If it really were about fixing the geography that is one continent – you know because it’s so huge it helps to cut it into 2 (unequal) halves in order to truly see it, and what was Pangea thinking breaking up like this {{if you didn’t catch it because I am not often, I am being sarcastic}}.

So if it really were about fixing the geography, all the sentences that ever follow someone saying “sub-Saharan Africa” would disambiguate the part of Mali, Niger, Chad, Sudan, Burkina Faso, and Morocco that fall below or above the desert……… I’m waiting for that day. They never do.
And when South Africa was under Apartheid (a system created by white people to keep races separate, with white people at the top of the hierarchy), it was not considered part of this imaginary “sub-Saharan Africa”. Once Apartheid ended……it was.

5. Sometimes some peoples of African descent want to uphold this erroneous belief that North Africa is different, and use sub-Saharan Africa to mark this difference. It is. And it isn’t. It is, in the same way that West Africa is different from East Africa from Central Africa from South Africa. But realise that racism and internalised oppression lives in people and systems, it is not inherent in the land. You can talk about the very real racial prejudice & colourism experienced in parts of this continent without employing a denigrating term.

And because I catch whiffs of this, it is definitely *not* a compliment to declare yourself “sub-Saharan African”. Remember, who names you has power over you.

6. This blog post breaks down the connection between language and reality and is thorough. I quote: “This band of sand hence confines Africans to the bottom of a European imposed location, which exists neither linguistically (Afro-Asiatic languages), ethnically (Tuareg ), religiously (Islam), politically (African Union, Arab league, UNESCO), economically (CEN-SAD), or physically (Sudan and Chad).”

So we’re back where we started: “sub-Saharan Africa” doesn’t exist.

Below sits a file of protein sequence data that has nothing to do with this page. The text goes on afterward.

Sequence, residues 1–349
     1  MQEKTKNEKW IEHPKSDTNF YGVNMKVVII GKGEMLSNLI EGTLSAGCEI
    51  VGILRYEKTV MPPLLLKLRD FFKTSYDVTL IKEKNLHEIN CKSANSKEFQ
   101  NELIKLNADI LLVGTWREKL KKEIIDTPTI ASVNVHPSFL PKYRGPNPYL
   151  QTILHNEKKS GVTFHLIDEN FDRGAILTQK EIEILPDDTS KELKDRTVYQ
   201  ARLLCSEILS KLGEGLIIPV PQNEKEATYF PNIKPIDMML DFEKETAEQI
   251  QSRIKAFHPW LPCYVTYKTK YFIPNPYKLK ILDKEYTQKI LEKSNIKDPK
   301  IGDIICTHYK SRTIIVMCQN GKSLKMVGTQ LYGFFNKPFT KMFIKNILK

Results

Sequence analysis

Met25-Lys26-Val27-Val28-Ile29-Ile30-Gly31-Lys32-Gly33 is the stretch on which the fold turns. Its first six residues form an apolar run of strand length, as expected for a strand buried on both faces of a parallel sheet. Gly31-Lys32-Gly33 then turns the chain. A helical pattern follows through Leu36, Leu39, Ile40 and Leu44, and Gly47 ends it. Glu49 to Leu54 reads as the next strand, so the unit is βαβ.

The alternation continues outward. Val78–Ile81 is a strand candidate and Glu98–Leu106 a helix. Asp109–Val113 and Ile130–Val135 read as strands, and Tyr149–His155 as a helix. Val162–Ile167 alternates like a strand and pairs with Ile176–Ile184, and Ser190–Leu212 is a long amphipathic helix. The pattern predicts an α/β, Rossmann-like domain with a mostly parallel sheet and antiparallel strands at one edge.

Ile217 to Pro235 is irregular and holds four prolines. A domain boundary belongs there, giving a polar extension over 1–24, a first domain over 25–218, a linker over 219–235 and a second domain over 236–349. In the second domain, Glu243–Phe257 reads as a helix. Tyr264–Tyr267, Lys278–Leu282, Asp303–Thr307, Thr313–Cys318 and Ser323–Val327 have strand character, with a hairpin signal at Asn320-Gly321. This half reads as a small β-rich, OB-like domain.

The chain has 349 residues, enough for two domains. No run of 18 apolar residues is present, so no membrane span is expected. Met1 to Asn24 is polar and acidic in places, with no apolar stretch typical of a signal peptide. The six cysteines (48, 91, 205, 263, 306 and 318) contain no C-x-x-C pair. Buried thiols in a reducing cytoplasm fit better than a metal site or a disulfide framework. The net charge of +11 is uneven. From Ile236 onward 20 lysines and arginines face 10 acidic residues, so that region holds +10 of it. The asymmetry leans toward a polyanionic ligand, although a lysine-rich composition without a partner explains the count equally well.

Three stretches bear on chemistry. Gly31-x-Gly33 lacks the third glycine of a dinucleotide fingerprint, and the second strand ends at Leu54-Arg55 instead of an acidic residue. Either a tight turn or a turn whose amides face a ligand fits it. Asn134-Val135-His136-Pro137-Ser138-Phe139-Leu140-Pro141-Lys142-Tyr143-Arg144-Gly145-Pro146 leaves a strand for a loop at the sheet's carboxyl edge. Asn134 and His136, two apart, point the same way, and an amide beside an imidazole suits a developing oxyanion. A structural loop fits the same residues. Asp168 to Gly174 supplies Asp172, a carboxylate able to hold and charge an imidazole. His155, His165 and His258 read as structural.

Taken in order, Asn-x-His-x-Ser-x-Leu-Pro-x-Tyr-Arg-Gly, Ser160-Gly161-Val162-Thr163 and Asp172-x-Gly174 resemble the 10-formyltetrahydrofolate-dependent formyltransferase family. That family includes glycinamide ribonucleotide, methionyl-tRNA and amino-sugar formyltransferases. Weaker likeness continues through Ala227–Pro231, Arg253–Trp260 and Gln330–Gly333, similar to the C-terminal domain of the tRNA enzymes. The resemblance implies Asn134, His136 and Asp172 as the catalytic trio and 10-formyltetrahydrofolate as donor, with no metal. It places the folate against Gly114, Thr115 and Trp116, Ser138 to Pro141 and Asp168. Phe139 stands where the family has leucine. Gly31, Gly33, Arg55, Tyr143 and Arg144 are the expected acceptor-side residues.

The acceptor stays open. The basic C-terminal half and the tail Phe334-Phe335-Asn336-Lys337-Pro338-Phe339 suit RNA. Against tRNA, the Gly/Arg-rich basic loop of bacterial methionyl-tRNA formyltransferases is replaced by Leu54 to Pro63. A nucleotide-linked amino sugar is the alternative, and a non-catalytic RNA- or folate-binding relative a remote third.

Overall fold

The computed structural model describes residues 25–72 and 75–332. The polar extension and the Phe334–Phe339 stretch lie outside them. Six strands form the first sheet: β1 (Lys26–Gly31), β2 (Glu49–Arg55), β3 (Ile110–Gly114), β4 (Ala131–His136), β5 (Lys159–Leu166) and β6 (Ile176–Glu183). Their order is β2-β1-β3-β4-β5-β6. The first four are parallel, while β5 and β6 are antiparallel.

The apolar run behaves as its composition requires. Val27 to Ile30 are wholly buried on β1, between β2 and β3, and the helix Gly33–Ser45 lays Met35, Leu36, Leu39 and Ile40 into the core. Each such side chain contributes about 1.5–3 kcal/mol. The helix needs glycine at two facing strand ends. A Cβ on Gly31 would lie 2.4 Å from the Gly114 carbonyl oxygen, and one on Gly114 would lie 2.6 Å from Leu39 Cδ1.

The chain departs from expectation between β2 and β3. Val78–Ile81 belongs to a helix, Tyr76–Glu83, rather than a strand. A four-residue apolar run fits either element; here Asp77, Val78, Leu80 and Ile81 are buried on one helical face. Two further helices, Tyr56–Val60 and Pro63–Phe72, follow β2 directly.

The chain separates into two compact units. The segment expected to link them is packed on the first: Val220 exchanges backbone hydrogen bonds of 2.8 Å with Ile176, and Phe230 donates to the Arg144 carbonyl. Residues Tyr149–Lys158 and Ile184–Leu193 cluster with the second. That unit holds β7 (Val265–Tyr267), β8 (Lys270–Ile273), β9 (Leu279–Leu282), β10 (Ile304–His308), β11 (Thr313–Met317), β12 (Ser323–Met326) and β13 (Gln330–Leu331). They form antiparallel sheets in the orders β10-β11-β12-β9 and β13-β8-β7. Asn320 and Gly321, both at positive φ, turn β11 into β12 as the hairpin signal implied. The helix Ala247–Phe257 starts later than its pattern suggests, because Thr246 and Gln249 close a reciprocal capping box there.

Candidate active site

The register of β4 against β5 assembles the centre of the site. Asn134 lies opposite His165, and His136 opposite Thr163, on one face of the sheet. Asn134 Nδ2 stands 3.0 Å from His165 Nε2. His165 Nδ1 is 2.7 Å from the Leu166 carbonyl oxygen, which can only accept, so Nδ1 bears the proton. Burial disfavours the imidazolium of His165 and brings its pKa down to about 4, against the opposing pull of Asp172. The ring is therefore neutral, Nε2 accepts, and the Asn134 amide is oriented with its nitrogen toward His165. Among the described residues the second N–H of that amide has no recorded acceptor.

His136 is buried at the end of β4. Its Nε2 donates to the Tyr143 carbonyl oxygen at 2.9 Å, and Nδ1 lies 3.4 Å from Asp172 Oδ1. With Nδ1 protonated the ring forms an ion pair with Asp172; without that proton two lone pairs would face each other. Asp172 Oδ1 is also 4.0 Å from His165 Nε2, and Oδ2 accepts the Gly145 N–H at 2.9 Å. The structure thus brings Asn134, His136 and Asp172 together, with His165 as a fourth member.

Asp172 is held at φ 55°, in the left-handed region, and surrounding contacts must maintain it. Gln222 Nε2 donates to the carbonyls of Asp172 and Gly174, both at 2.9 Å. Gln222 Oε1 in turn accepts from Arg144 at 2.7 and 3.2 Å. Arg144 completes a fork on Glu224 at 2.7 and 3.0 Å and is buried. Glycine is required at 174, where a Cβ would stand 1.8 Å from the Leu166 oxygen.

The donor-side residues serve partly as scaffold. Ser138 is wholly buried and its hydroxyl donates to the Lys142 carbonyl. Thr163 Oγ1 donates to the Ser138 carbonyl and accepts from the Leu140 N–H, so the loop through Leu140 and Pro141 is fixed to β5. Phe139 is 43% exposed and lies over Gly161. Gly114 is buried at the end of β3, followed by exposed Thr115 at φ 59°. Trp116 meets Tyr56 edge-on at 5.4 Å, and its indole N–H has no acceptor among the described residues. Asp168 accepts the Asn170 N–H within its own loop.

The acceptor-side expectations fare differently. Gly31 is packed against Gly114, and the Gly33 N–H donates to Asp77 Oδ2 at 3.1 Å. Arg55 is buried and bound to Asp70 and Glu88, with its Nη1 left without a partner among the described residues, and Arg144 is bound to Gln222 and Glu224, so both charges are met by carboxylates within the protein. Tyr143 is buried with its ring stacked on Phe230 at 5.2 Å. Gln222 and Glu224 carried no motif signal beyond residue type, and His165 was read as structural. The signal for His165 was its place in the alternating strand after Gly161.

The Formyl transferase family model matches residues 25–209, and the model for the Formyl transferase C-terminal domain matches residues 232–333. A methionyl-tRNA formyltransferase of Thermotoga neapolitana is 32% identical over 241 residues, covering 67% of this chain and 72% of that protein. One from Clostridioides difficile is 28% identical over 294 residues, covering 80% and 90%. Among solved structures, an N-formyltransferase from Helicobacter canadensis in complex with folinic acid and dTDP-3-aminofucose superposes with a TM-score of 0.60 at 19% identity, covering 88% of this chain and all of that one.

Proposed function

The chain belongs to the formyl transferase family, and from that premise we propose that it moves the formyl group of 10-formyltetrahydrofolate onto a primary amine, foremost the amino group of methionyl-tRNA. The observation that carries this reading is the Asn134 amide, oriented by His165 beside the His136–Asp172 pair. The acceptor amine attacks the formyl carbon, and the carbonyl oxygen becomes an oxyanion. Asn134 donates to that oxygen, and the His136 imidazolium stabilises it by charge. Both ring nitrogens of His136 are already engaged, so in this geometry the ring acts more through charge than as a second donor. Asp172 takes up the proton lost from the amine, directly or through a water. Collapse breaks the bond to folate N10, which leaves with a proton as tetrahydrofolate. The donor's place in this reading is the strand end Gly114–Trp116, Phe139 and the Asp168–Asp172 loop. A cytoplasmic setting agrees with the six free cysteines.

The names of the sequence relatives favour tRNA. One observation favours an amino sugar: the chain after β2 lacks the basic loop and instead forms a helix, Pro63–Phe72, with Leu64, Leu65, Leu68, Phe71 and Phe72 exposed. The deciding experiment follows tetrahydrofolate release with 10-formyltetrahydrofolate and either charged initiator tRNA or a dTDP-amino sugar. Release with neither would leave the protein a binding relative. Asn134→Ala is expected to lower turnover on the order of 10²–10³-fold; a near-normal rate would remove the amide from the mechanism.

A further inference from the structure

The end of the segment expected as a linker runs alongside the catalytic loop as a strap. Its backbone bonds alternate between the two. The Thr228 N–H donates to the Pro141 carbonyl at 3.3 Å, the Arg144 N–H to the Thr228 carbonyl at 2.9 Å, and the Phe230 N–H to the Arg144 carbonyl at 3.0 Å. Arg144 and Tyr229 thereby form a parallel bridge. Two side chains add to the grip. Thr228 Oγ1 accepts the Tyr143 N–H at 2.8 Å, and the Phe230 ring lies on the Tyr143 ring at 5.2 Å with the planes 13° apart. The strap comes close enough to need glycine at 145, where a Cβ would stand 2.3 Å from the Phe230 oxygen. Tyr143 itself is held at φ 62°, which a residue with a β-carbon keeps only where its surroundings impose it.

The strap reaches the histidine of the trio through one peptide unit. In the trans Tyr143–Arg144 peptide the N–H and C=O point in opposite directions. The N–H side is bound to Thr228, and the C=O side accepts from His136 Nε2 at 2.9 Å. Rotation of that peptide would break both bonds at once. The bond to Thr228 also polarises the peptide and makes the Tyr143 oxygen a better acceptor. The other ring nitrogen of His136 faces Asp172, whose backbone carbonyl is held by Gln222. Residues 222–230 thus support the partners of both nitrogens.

In summary, if you are not a white development saviour who has imbibed the idea that North Africa is closer to your whiteness and therefore superior to the rest of *whispers* “the Africa where the ‘other’ Africans live” that is poor, starving and still needs saving, drop the scissors [maybe grab some glue?], press delete on that phrase and let’s keep 2019 flowing well.
If you are those things, well, glad I know.

it must do something to you to only be a throughway

“It must do something to you to know that you are only a throughway to a thing, body or place more desired.”
The editor asked “how are you breathing in this increasingly airless space?” in which State corruption/misappropriation of huge amounts of money just keeps increasing and increasing – name them, the scandals which come one after the other unstoppable, name them: Kenya Power, Maize, Dams, Lamu Coal, NYS, SGR, I can barely keep up….and we seem powerless to do something.
Stories of origin are important in indigenous ways of knowing. They tell you how you came to be in the place you are in now. They are an underlying pattern giving a guide to a people and their relations with the rest of the world.
For me, how I find air is I unearth the story of origin of the myth of Kenya, and use that to chart different paths.
Getting to the root, I feel, is necessary to make radical [from the root] changes.
The thing about patterns is that they are not fixed, and we are also not fixed to them. They are possibility, suggestions, potentials. You do what you will with the pattern.
Read my article on The Elephant here.

on african institutions and class consciousness #rant

So as much as I am all for African Studies conferences having a base in Africa, I have to say the registration charges for the upcoming African Studies Conference by the African Studies Association in Africa (ASAA), make me question which Africa the conference – whose focus is on African and Africana knowledges – is aimed at.

Tickets range from $45 for an Africa based student’s daily entry (which students have $45 abeg?), to $205 for an Africa based non-ASAA member 3 day registration…… For presenters and attenders alike.

Which Africans are in and which ones out in this theorising and academicising?? Which Africans are *by design* already imagined out of this space that is supposed to be on African and Africana knowledges (on their knowledges!)?? Imagined out of the possibility (of having any knowledge) to contribute?

I am not a student nor an ASAA member but even the lowest ticket price is half my month’s rent – for a day’s attendance….

Sometimes I am reminded, for all we complain about Western institutions, that there is a woeful lack of class and economic privilege consciousness in Africa/African ones.